Walk and talk  

Some Youth Access members have spoken about combining sessions with socially-distanced walks with young people. One staff member from Berwick Youth Project has used weekly Walk and Talks to great effect with one young person who was not leaving her house, and rarely leaving her bedroom. This has been combined with weekly challenges for the young person to encourage her to leave her room 

“The young person was excited to leave the house, to have time away from everyone, and 'be able to breathe’. She engaged exceptionally well and throughout the session she made several references to how nice it was to see flowers, to watch the river flow and to feel comfortable again. At the end of the session she asked when she could do it again because she really enjoyed 'being free'.” - Debra, Berwick Youth Project.


Check-ins 

Several members have spoken about their use of regular ‘check-ins’ with young people, with a brief call or message, centred on their wellbeing or just to catch up. Where this is not possible or the young person does not feel comfortable, these can be used to check in with parents/guardians where appropriate.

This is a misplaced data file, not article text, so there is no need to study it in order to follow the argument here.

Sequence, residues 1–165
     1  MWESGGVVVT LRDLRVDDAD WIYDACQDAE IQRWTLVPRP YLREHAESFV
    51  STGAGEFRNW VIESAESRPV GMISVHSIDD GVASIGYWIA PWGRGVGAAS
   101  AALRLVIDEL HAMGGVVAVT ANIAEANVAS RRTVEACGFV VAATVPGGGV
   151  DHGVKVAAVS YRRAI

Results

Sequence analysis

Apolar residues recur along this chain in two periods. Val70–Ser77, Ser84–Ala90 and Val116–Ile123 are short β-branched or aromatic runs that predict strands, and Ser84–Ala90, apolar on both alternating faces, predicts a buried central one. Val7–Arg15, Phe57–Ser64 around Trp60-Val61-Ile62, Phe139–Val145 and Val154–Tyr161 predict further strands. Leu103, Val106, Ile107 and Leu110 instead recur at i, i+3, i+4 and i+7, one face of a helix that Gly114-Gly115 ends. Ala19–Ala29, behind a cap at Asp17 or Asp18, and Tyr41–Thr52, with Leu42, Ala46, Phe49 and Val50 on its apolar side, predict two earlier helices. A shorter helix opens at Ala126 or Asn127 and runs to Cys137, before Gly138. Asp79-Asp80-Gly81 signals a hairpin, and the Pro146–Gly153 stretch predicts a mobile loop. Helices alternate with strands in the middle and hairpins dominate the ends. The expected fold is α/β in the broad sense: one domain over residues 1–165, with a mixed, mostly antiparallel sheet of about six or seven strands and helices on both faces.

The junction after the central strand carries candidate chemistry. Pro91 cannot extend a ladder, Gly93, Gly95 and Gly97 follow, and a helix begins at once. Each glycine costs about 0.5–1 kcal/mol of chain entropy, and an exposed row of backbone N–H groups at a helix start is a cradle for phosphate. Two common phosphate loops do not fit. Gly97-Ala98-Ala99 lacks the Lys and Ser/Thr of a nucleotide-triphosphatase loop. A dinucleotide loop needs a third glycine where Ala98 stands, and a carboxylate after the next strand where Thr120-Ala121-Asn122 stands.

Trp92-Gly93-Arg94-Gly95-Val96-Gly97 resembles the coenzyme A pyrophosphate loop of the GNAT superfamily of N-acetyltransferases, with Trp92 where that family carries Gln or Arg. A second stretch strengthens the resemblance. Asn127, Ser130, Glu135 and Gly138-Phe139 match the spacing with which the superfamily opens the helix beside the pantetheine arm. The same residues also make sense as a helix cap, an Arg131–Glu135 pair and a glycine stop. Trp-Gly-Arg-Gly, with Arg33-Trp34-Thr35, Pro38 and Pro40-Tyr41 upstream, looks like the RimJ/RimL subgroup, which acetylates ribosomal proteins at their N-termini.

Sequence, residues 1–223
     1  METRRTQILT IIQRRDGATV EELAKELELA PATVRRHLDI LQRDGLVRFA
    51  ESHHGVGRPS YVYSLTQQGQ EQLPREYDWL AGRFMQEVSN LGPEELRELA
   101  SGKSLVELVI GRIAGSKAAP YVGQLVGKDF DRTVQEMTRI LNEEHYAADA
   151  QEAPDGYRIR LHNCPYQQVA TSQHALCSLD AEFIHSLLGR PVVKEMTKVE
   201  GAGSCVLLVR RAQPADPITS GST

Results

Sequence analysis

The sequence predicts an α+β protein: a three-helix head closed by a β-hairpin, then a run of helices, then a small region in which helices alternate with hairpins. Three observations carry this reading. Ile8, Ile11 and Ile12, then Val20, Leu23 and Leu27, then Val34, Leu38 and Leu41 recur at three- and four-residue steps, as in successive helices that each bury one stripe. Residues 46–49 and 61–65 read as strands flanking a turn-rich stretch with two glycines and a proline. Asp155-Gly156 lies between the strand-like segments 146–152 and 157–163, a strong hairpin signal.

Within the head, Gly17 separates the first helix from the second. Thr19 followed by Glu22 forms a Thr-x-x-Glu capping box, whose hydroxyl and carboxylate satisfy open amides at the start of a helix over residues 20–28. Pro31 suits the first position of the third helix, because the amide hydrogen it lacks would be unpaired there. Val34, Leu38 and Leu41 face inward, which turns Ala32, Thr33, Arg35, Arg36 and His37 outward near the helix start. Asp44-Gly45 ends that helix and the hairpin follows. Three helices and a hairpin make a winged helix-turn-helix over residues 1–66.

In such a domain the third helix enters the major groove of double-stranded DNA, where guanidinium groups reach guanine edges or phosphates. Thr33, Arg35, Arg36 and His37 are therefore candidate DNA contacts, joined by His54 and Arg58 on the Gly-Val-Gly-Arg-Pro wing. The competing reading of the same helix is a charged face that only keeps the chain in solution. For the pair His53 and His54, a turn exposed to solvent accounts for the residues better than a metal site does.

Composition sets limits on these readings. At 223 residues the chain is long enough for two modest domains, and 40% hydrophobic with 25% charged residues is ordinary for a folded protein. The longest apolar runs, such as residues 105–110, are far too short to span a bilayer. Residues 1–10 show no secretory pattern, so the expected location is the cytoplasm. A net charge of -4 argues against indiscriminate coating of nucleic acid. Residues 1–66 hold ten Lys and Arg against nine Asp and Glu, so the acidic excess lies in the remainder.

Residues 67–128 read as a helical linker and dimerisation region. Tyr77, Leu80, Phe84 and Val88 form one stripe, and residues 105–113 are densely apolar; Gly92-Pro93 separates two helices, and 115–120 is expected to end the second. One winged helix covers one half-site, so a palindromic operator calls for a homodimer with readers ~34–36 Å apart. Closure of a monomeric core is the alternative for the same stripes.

These can also be helpful for those who are accessing remote therapeutic support, as a way of holding a young client emotionally between sessions 

“We have achieved a way of remaining in contact with a large proportion of the young people who use our service, not only in counselling, but in the wider offer. Young people get regular texts and phone calls asking simply 'how are you'. They may not respond, but we feel it is important that they know they are on our radar. We hope this means that young people feel less alone and know that they have someone to turn to.” - Emma Wilkinson, The Warren of Hull - Read more